The third interview in our Supersense presents series was with Chad Allen, a blind writer, and magician. He is the creator of the comic, Unseen. With his own words, "Unseen is an audio comic written by a blind person, with a blind heroine, for blind (and sighted) audiences, and he performs magic; and again for both blind and sighted people. Click the video below to listen to the interview or continue reading for the transcript!
Shane: What’s up everyone, I’m Shane from Supersense, and today I’m sitting down with Chad Allen, a blind artist with a lot to talk about. How’s it going?
Chad: It’s going great Shane, thanks for having me.
Shane: My pleasure. You were one of the first people I thought about when we came back to this interview process, so thanks so much for giving us your time. For starters, give me the basic rundown. Tell the listeners who you are and what’s going on right now.
Chad: Well, with the pandemic, things are definitely a little different. My primary skill sets are performing magic and writing. I’m doing both of those things now, but mostly in the developmental phases instead of putting things out into the world. I had a wonderful project about a year ago that was featured inside the Exploratorium Museum up in San Francisco. It was a project on identity called “Self Made,” and I wrote a non-visual comic book called “unseen” that was on exhibit there for about three months. With regards to magic, I appeared on Pen and Teller’s Fool Us a couple of months ago. I was on season 7, and the episode is entitled “Watermelon Surgery.”
Shane: That’s an excellent title. I feel like that should be the name of a 90’s band.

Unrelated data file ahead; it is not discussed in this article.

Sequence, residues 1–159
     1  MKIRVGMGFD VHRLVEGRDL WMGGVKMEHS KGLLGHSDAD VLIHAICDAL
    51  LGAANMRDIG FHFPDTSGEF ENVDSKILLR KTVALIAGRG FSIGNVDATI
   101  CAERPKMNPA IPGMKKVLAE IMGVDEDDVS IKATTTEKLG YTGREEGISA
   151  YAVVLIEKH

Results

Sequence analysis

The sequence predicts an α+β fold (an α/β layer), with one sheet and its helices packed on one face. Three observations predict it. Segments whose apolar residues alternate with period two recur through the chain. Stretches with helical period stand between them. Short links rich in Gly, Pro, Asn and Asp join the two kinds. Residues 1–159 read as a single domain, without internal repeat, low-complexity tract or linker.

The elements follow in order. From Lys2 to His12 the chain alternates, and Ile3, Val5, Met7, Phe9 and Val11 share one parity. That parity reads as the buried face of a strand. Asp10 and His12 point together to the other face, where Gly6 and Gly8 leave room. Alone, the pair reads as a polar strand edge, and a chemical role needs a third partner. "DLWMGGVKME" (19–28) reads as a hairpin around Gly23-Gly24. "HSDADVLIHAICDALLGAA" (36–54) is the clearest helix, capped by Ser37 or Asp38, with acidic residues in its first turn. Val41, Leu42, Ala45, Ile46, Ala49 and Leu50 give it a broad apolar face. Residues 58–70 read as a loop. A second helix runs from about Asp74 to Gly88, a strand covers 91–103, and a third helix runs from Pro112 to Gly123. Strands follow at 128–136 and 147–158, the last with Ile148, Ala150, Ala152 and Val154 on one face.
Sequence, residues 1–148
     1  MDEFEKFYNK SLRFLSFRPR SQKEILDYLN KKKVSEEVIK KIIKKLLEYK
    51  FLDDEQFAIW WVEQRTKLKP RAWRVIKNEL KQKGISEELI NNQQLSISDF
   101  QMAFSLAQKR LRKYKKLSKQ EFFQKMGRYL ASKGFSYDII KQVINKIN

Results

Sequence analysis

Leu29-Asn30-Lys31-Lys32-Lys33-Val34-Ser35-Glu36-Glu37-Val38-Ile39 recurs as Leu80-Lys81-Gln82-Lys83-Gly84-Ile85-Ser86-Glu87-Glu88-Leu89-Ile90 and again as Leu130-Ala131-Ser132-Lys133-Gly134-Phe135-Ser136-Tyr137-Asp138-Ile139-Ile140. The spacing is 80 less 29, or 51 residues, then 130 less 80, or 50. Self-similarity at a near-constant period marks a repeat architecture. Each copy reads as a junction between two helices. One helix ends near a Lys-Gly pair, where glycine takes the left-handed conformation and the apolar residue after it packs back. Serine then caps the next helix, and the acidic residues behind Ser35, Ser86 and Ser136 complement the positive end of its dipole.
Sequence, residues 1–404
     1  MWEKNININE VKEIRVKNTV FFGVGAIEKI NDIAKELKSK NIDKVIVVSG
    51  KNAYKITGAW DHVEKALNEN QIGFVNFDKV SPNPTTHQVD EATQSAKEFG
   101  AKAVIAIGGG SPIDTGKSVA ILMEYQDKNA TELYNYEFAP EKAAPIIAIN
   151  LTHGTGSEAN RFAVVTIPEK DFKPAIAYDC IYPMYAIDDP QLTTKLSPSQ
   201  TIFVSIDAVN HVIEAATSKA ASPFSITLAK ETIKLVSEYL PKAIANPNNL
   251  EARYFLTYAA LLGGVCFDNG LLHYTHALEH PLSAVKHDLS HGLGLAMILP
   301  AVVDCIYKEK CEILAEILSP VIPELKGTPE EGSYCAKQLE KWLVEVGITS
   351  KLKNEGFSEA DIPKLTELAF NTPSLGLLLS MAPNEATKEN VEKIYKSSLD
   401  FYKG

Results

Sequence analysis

Chad: Yeah, definitely. It’s not my trick, that was Pen and Teller’s trick, but that’s the name of the episode.
Shane: Nice, so what was your segment about? Don’t spoil too much.
Chad: The concept was about how I wanted to address blindness regarding performing magic. There were basically three different ways to approach it. The first way is that I immediately introduce myself as a blind magician upfront. My concern was that in magic, your biggest job is directing people’s focus and attention so that when the surprise reveal happens, the impact is as strong as possible. I didn’t want them to be focused on the blindness more than the trick, so I decided not to go with that option. The second option is not to discuss blindness at all. Plenty of performers have done this, but my concern is that something tends to tip off the audience. Maybe I’ll fish for a card on the table, or I’m not looking directly at someone, so that redirects their attention in a way I don’t want as well. So, the third option, the way that I took, is that I conceal my blindness for a limited amount of time and then reveal it as part of the experience of the magic. I won’t get into exactly how, but I definitely wanted the blindness to be revealed along with the trick itself.